Passenger satisfaction with the UK's railways has fallen to a 10-year low, a new survey out today has found.
Independent watchdog Transport Focus warned that overall satisfaction with services stood at 79 per cent, the lowest since 2008, according to its latest national passenger survey of 25,000 passengers.
More than one in five passengers were unhappy with the services they were receiving, the watchdog said.
Last year was marked by serious disruption after a timetable upgrade devised by the train companies and Network Rail went badly wrong, leading to widespread delays, cancellations and overcrowding.
Punctuality also dropped by 2.5 per cent in the UK, as signal failures, extreme weather and management issues led to more late-running trains for long-suffering commuters, according to recent statistics by the rail regulator.
Certain routes, including on South Western Railway, have been dogged by strikes, which has also contributed to the downturn in passenger satisfaction.
The problems prompted the government to launch an independent review led by former British Airways chief executive into the railways, with a particular focus on the franchise model.
Anthony Smith, chief executive of the independent watchdog Transport Focus, said: “Our latest survey confirms passenger satisfaction has fallen to a 10-year low. Government and the industry must continue to focus on performance. In the longer term the government’s rail review must bring about fundamental change.
“Passenger irritation at poor performance erodes their most basic trust in the industry. Passenger frustration at continual fare increases saps confidence in the system to reform itself. Passenger anger during the summer timetable crisis was palpable.
“A better value for money and more reliable railway must arrive soon for passengers.”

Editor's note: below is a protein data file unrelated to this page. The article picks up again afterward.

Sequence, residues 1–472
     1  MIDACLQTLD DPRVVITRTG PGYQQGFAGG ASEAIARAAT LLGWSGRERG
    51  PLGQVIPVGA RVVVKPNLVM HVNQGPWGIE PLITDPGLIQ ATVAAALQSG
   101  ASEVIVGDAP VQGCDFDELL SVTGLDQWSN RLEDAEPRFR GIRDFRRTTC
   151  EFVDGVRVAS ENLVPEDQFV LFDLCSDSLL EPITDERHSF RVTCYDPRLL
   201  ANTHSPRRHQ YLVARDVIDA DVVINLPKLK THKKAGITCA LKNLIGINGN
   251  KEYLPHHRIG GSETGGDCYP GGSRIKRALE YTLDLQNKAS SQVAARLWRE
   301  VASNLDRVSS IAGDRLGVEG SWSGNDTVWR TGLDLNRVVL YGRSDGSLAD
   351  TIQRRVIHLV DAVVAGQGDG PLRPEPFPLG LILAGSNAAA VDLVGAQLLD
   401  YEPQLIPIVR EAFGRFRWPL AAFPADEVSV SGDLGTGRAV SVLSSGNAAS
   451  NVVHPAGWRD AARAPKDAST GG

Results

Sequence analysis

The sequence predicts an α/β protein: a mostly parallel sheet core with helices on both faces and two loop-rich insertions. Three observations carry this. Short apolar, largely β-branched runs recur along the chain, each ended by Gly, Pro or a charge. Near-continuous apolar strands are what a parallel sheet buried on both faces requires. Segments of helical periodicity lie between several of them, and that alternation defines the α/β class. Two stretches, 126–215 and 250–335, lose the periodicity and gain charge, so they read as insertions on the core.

The survey shows that while some companies, such as Heathrow Express and Chiltern Railways, have improved, others such as Great Northern, Northern, TransPennine Express, Greater Anglia, Thameslink, ScotRail and London North Eastern Railway have got worse.
Southern and Thameslink were deemed to be the worst operators for dealing with delays, scoring a rating of 29 per cent.
Just 31 per cent of commuters surveyed thought their journey offered them value for money. Nationally, 46 per cent of journeys were rated as satisfactory in terms of value for money, which remains unchanged from 2008.
Jacqueline Starr, managing director of customer experience at the Rail Delivery Group, which represents the rail industry, said: “Punctuality is the bedrock of satisfaction for our customers and at the moment in too many places, we are not getting it right. Working together, we are investing billions of pounds in a long-term plan to rebuild key parts of the network to improve punctuality while putting thousands of new and refurbished carriages on track to make journeys more comfortable.
“In parallel we are pushing for more fundamental reform to fix the railway for the future, including developing proposals for regulatory change to make the fares system easier, and engaging fully with the government’s independent review of how the whole railway is bolted together.”